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Trump’s North Korea Visit With Kim: A Positive Step Forward, Or Just A Photo Op?

Trump’s North Korea Visit With Kim: A Positive Step Forward, Or Just A Photo Op?

Over the weekend, President Donald Trump took an unprecedented action of crossing over the Demilitarized Zone (DMZ) in the Korean peninsula, taking 20 steps within the nation of North Korea, becoming the first sitting president to ever do so.

Handout photo by Dong-A Ilbo via Getty Images/Getty Images

There’s no doubt that the president’s actions are a major historical milestone. But will they actually lead to any peace deal between Trump and North Korean dictator Kim Jong Un?

Trump has longed for a denuclearization agreement with North Korea for quite some time, but talks stalled in February after Trump delivered an ultimatum to Kim that neither leaders would budge on, resulting in the president walking out of the meeting without any concessions from Kim, International Business Times reported. Since that time, no signals from either country about the possibility of resumed talks have been produced.

The two leaders did agree to resume talks at some point during their meeting over the weekend. But the agreement isn’t one that is set in stone — no date has been announced, for instance.

A denuclearization deal between the nations has faced many difficulties, including what the term “denuclearization” might mean, Slate previously reported. For instance, does it mean a total reduction of nuclear armaments by North Korea, or simply ending their production of future weapons?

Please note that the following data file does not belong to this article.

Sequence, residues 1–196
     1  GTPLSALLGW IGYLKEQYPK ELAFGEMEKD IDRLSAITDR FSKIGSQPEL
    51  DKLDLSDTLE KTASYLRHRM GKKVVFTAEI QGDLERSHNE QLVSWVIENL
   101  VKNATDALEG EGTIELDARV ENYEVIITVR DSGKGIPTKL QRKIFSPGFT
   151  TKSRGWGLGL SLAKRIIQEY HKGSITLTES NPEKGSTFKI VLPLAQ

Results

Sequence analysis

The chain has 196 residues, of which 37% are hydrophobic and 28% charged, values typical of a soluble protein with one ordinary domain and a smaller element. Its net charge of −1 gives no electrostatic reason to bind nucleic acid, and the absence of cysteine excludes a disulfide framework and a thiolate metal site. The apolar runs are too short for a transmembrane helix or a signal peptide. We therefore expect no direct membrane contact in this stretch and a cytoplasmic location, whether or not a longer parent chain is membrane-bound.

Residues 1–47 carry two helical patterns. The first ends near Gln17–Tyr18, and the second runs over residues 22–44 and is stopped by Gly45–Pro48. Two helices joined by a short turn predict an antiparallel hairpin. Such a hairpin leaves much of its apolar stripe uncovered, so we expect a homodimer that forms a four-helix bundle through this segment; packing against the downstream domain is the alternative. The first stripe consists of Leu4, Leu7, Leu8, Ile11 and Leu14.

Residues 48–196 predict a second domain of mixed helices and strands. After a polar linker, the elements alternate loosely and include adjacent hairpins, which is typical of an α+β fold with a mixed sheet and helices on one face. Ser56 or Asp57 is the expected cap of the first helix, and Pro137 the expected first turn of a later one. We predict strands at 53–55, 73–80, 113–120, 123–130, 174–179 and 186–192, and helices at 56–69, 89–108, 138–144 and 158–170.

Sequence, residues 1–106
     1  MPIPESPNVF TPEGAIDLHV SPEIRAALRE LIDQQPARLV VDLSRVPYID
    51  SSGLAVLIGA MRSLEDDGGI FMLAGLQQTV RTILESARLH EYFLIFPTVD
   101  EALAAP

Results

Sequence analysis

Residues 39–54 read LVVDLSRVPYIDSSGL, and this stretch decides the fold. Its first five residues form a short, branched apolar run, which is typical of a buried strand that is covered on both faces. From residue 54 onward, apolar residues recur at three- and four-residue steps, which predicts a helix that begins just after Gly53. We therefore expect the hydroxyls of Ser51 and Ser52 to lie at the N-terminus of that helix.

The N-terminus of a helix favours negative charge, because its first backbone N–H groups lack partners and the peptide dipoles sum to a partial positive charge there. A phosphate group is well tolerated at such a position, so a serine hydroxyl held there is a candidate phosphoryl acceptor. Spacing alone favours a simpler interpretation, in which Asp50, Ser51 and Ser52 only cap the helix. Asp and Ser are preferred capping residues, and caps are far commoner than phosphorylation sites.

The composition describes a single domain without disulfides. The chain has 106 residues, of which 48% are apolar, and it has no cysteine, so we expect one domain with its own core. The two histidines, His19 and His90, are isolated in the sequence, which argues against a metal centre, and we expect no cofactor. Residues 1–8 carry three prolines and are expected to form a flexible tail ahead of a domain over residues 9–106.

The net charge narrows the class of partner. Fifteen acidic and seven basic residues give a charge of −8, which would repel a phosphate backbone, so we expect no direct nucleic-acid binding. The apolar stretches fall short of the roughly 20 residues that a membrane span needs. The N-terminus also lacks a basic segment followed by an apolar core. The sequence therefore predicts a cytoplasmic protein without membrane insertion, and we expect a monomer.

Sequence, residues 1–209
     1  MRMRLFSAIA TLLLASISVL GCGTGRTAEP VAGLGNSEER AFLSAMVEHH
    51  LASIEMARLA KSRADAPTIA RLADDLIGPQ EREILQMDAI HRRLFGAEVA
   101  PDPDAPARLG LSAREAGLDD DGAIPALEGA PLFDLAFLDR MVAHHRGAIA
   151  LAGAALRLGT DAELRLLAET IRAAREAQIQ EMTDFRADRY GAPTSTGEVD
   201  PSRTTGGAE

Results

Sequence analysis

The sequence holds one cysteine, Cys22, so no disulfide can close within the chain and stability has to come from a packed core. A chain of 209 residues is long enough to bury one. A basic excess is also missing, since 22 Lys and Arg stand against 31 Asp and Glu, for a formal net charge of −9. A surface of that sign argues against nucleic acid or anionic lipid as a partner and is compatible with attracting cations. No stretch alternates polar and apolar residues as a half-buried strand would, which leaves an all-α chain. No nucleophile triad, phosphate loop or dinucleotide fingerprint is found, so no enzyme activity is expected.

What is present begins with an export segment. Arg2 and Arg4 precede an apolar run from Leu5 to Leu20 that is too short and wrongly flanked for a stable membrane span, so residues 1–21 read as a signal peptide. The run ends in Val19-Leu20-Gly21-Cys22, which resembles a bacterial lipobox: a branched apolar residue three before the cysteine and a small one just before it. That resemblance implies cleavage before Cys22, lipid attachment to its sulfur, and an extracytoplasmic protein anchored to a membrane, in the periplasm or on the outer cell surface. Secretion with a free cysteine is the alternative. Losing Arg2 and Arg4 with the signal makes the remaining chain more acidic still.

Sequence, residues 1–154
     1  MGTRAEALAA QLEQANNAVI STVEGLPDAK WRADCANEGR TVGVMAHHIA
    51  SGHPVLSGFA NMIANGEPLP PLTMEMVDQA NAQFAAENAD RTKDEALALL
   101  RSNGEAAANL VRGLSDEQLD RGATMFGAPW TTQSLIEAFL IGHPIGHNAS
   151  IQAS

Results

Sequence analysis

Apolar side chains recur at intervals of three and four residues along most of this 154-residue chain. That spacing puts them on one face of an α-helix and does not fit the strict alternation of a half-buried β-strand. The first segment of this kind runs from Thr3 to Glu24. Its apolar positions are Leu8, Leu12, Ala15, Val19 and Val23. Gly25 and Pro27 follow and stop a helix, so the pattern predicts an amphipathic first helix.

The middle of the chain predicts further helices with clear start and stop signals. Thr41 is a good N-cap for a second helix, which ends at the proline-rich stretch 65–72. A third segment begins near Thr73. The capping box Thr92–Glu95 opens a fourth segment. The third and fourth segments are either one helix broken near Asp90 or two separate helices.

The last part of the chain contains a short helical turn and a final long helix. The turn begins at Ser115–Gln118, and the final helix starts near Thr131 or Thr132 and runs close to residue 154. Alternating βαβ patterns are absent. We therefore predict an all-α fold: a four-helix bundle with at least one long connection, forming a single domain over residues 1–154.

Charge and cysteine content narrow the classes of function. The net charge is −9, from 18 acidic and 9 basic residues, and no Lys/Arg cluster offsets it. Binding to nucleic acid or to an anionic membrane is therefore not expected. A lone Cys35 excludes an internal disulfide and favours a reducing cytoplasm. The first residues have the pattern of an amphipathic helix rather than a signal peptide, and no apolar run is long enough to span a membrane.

Some have questioned whether Trump’s meeting at the DMZ was little more than a photo opportunity than an actual step forward in dialogues.

Democratic Sen. Chris Murphy of Connecticut decried the meeting as not a negotiation at all.

Others who have negotiated with North Korea in the past took a critical tone as well.

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“I’m not sure what it is that President Trump is trying to accomplish, because while all this engagement has gone on, there has been no decline in the stockpile of North Korean nuclear weapons or missiles,” Joseph Yun, a former U.S. representative for North Korea, said.

While the Trump-Kim meeting was billed as being an impromptu event, where Trump tweeted out the idea and Kim accepted it, others had their doubts. Washington Post correspondent Simon Denyer, for instance, told PBS NewsHour that wasn’t likely how this event was orchestrated.

“We spent 24 hours with the president building it up minute by minute, almost sort of saying all through the day are they trying to make arrangements…leading us to believe that this was going to be a surprising dramatic final thing,” Denyer noted. “I don’t think many people really bought that line.”

It would be atypical for such an event to happen that way, he added.

“Two leaders from two powerful countries don’t tend to organize meetings on the basis of a tweet that’s not noticed,” Denyer said, adding it was “reality TV at its best.”

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